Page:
Lateral Mobilization of the Splenic Flexure

This approach is often used in open surgery and can also be used in simple laparoscopic colectomies. The first step is the section of the lateral attachments of the descending colon. An ascending incision is made along the line of Toldt using scissors introduced via the left-sided cannula. The phrenocolic ligament is then divided using scissors introduced through this cannula. Retraction of the descending colon and the splenic flexure toward the right lower quadrant using graspers introduced through the right lower and suprapubic cannulae helps to expose the correct plane. The attachments between the transverse colon and the omentum are divided close to the colon until the lesser sac is opened. The division of these attachments is continued as needed, to facilitate the mobilization of the colon into the pelvis.

Medial Mobilization

This approach dissects the posterior attachments of the transverse and descending colon first. The dissection plane naturally follows the plane of the previous sigmoid colon mobilization, cephalad, and anterior to Toldt's fascia. The transverse colon is retracted anteriorly to expose the inferior border of the pancreas, and the root of the transverse mesocolon is divided anterior to the pancreas and at a distance from it; to enter the lesser sac. The dissection then follows toward the base of the descending colon and distal transverse colon, dividing the posterior attachments of these structures. The division of the lateral attachments, as described above, then follows the full mobilization of the splenic flexure. If the mobilized colon reaches the pelvis easily, it may be safely assumed the anastomosis will be tension free as well.

Extraction of Colon

The extraction of the specimen is performed using double protection: A wound protector as well as a retrieval sac. The wound protector is also helpful to ensure that there is no CO2 leak during the intracorporeal colorectal anastomosis, which follows the extraction. This allows a reduction of the size of the incision and potentially minimizes the risk of tumor cell seeding.

The incision to Extract the Specimen

The size of the incision, its location, and the extraction technique take into account the volume of the specimen, the patient's body habitus, cosmetic concerns, and the type of disease. The incision is generally performed in the suprapubic region. The proximal division is performed intracorporeally, as described above, and the specimen placed into a thick plastic bag before being extracted through the incision at the suprapubic area.

Anastomosis

For anastomosis, a mechanical circular stapling device passed transanally to perform the anastomosis. Performing the anastomosis includes an extra-abdominal preparatory step and an intra-abdominal step performed laparoscopically. The extra-abdominal step takes place after the extraction of the specimen. The instrument holding the proximal bowel presents it at the incision where it can easily be grasped with a Babcock clamp and pulled out. If necessary, the colon is divided again in a healthy and well-vascularized zone. The anvil (at least 28 mm in diameter) is then introduced into the bowel lumen and closed with a purse-string; then the colon is reintroduced into the abdominal cavity. The abdominal incision is closed to re-establish the pneumoperitoneum. For an air-tight closure, it is sufficient to twist the wound protector at the level of the incision using a large clamp. The circular stapler is introduced into the rectum through the gently dilated anus. The rectal stump is then transfixed with the tip of the head of the circular stapler. In women, the posterior vaginal wall should be retracted anteriorly by the assistant passing the stapler. Once the center rod and anvil are clicked into the distal part of the circular stapler should be checked for twisting of the colon and the mesentery. The stapler is then fired after ensuring that the neighboring organs are away from the stapling line. The stapler is then twisted open and withdrawn. The anastomosis is checked for leaks by verifying the integrity of the proximal and distal rings, as well as performing an air test.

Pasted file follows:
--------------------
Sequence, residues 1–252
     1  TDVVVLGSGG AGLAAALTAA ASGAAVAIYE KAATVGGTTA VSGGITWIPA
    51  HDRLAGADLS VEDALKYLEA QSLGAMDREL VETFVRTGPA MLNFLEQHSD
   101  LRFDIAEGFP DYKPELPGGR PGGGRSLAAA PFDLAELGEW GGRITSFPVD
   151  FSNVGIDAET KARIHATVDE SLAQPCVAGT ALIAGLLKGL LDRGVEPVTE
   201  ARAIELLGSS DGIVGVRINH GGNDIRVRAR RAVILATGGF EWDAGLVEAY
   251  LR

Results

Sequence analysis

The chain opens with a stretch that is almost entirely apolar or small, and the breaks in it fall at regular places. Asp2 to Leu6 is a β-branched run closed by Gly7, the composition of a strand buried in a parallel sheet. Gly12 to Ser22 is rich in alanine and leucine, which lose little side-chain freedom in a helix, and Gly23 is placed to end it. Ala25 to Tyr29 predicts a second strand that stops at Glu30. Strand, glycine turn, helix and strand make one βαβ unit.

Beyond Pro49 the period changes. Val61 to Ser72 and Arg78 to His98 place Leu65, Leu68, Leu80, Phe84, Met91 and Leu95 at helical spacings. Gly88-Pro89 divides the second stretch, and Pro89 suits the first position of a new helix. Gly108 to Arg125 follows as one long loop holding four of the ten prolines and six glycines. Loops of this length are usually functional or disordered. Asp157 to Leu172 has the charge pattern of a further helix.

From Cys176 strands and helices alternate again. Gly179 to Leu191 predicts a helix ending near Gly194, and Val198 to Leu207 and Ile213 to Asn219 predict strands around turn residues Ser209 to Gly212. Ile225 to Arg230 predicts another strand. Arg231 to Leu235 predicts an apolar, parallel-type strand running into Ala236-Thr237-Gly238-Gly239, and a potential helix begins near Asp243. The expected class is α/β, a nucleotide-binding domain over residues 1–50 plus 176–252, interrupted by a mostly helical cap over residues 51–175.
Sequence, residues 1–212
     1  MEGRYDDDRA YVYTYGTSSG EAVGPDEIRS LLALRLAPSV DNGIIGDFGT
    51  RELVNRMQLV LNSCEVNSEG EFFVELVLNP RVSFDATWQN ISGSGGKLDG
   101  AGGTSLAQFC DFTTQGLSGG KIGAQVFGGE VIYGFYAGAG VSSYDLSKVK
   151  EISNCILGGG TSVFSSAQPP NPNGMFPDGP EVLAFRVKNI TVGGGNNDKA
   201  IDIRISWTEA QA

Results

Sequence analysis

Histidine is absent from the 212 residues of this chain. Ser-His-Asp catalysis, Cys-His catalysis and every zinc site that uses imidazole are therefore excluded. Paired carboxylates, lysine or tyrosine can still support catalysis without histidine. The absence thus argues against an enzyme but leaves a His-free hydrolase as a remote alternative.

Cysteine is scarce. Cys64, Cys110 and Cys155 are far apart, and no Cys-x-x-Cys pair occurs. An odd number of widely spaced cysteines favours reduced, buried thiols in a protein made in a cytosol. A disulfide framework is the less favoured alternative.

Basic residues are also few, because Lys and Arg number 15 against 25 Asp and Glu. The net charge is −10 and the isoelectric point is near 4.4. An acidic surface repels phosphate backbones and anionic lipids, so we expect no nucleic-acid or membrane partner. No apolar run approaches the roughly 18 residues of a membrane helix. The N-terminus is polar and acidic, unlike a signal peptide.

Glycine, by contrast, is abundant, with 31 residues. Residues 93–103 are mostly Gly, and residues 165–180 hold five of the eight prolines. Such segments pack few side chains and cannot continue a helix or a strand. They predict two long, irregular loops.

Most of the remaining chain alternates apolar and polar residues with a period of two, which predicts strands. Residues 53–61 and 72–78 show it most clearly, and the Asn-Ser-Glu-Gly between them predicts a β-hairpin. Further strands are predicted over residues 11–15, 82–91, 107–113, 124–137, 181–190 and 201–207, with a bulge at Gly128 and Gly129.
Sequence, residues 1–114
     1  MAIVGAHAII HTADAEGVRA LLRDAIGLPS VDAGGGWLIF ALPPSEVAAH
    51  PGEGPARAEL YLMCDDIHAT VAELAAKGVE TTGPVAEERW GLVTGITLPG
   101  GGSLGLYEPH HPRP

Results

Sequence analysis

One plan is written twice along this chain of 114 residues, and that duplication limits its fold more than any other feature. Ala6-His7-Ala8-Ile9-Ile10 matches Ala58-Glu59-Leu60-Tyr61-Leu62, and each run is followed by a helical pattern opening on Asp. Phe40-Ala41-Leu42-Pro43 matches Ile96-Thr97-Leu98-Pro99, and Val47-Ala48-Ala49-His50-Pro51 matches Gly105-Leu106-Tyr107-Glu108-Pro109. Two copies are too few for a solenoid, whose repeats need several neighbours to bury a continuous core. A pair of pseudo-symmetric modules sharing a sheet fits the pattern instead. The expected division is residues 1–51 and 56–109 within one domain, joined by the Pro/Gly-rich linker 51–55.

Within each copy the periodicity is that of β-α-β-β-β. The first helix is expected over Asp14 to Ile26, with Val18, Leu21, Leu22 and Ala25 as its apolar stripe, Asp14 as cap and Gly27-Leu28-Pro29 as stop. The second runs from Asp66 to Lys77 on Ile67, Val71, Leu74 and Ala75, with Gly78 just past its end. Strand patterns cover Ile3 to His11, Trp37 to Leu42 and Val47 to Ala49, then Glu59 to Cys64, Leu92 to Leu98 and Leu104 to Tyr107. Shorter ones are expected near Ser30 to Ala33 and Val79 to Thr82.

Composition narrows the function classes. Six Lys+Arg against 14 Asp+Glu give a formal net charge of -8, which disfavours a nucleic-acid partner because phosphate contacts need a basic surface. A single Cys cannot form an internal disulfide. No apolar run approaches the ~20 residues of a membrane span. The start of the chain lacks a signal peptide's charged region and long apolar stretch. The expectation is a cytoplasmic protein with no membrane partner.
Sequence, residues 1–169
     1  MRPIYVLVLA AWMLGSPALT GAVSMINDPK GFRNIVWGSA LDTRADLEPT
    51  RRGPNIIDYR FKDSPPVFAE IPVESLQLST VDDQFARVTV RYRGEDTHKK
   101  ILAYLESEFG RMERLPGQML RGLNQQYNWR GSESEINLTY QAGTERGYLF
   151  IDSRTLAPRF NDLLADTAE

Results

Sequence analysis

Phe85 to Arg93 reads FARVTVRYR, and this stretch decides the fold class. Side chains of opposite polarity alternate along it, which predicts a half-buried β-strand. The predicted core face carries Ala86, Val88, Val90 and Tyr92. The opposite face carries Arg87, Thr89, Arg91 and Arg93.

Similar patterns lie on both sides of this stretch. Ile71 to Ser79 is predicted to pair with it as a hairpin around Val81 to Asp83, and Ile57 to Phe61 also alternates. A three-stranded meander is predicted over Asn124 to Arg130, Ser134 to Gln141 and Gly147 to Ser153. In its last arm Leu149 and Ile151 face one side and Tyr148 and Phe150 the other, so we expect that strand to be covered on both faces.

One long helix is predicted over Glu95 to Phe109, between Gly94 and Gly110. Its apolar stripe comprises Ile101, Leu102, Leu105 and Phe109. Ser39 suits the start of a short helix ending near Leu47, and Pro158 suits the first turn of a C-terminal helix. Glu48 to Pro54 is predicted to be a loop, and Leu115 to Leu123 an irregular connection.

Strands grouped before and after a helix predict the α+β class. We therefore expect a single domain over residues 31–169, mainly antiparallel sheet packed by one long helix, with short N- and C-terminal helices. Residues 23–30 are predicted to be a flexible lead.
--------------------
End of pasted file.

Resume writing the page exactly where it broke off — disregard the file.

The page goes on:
Wound Closure

The cannula sites are checked internally for possible hemorrhage. To do so, a grasper is passed through the cannula and the cannula is removed leaving the grasper in the abdomen. Because of the smaller diameter of the grasper compared with the cannula, if the bleeding was so far concealed by the tamponade effect of the cannula, it would be revealed promptly. The cannula is then reintroduced to allow maintenance of the pneumoperitoneum while performing the same check at all cannula sites.
When the check is completed, the CO2 is desufflated through the cannulae, and cannulae are removed. No routine drainage of the anastomotic area is performed. The suprapubic incision is closed in layers using running absorbable sutures, and all fascial defects of 10 mm and more are closed. The skin is closed with a subcuticular absorbable suture.